Although I’ve only been in Jackson for just over a month, I already feel strangely at home here–like buying a new pair of shoes that are somehow perfectly broken in. It does help that the city is small (or smallish), that I’m an adaptable person, and that I live with two amazing FoodCorps gals that match my enthusiasm for cooking, composting and kimchi.
And luckily, my effort to try new things and meet new people has been exponentially rewarded by the Mississippi universe.
Two weekends ago, I went up to the Delta with some friends to see a blues festival in Greenville whose motto is: “Da Blues Is Like Comin’ Home.” Like any good music festival, it was a day of relaxing on the lawn, drinking PBR (although most of the locals were drinking Bud Light…), and getting serenaded by some talented musicians. Unlike your typical music festival, these musicians included Bill “Howl-n-Madd” Perry, a blind, gravelly voiced guitar player, Sweet Angel, whose booming voice and soulful tunes were dripping with innuendos (she also played the saxophone, if you know what I mean), and Bobby Rush, who performed in a shiny 70s-style salmon-hued suit accompanied by some curvaceous back-up dancers aka “booty rollers.” If you want a taste of Mr. Rush, check out this video (depending on where you work, may be NSFW).
This particular slice of the Delta and the blues culture was so fascinating. There was an intricate balance of raw talent–even among the local groups–and highly sexualized showmanship. While it was refreshing to see curvy women appreciated for their bodies, there was also an uncomfortable level of sexism and degradation (again, please reference the Bobby Rush video). But, being an outsider, I did my best to just live it without the pretense of understanding.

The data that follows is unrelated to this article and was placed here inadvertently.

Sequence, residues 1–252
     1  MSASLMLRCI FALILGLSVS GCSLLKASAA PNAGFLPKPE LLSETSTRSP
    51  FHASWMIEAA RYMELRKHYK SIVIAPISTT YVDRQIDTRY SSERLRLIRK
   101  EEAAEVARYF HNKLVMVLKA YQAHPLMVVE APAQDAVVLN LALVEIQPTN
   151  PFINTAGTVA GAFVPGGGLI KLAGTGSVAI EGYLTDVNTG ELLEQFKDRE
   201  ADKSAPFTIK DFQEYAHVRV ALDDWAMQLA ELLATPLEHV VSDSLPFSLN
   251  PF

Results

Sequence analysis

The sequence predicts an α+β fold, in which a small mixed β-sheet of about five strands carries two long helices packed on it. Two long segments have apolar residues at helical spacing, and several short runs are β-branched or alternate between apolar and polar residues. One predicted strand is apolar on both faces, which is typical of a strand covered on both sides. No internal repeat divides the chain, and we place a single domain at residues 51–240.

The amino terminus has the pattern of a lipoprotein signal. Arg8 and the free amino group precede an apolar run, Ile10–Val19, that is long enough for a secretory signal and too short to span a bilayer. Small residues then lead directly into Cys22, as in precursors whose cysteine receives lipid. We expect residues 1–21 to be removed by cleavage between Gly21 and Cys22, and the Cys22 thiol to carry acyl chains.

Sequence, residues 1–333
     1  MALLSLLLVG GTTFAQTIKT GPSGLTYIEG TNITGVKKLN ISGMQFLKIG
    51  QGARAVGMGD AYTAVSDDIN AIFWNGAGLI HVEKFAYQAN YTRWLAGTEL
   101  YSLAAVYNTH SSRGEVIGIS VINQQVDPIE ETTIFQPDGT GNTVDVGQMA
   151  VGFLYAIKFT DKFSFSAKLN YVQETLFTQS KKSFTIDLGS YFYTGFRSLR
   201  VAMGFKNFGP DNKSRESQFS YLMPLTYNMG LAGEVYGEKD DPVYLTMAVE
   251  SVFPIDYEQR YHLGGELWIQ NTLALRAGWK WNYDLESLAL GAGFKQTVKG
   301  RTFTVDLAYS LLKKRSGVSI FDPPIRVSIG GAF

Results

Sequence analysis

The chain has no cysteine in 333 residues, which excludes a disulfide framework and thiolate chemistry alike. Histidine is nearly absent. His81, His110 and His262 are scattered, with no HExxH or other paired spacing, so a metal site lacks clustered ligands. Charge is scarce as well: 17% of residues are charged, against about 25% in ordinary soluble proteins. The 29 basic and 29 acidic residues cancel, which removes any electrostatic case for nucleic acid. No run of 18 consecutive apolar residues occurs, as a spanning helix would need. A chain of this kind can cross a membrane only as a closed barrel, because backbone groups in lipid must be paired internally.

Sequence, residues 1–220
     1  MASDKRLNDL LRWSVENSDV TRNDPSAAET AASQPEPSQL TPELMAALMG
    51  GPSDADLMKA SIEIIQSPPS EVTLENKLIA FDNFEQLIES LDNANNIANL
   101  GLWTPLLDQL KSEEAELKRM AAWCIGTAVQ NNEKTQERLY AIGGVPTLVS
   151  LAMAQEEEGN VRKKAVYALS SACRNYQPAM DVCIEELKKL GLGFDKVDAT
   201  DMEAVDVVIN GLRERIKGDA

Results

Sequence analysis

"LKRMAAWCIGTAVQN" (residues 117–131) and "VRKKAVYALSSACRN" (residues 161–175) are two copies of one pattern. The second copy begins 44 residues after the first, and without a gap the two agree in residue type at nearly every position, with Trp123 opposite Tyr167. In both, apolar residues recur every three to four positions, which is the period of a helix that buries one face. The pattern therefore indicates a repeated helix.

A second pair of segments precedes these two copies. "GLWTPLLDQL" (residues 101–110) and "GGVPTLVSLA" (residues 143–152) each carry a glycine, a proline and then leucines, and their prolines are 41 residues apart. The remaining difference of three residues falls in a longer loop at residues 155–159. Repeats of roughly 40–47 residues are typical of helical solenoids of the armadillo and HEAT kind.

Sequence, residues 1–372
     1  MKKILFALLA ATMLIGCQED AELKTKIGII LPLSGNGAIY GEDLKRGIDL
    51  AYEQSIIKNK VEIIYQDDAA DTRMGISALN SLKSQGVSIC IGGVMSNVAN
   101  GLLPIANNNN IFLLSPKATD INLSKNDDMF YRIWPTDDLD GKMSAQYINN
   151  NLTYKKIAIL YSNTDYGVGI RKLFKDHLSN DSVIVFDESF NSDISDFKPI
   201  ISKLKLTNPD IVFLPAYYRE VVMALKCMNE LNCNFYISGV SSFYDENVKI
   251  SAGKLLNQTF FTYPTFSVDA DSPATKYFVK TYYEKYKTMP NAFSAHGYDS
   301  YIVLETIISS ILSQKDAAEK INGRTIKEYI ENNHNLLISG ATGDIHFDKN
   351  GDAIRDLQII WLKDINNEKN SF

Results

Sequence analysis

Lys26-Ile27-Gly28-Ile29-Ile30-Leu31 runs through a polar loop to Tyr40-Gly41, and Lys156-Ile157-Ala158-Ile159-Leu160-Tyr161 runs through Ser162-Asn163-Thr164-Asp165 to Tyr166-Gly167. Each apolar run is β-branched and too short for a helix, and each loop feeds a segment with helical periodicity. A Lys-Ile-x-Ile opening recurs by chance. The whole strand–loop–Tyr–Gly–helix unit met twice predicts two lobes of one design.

As a lot of you know, my housemate Claire and I started playing roller derby a few weeks ago for the Magnolia Roller Vixens. We definitely don’t qualify as B.A.s yet since we still have to get good enough to pass a minimum skills test, but skating and learning the moves is a great workout and so much fun. The women on the team range from ages 20s to 40s; a handful of them have kids. All of them have been extremely welcoming and generous with their knowledge. It feels good to join a community of strong, motivated women, who don’t take no sh** from nobody!
Also, this past weekend was our Mississippi state-wide orientation. All of the service members, our fellow and the host site supervisor gathered at the Homestead Center in Starkville for a weekend of cooking, farm to school information sharing, and farm tours hosted by the Mississippi Sustainable Agriculture Network (MSAN). If you’re interested, this article written about the tours on Sunday gives more information about MSAN and the fantastic work they do in Mississippi.
Since this is already a lengthy post about my life outside of school, my next post will be more focused on my FoodCorps service: what’s been going on with my school garden, new connections with local farmers, and the latest classroom cooking adventures.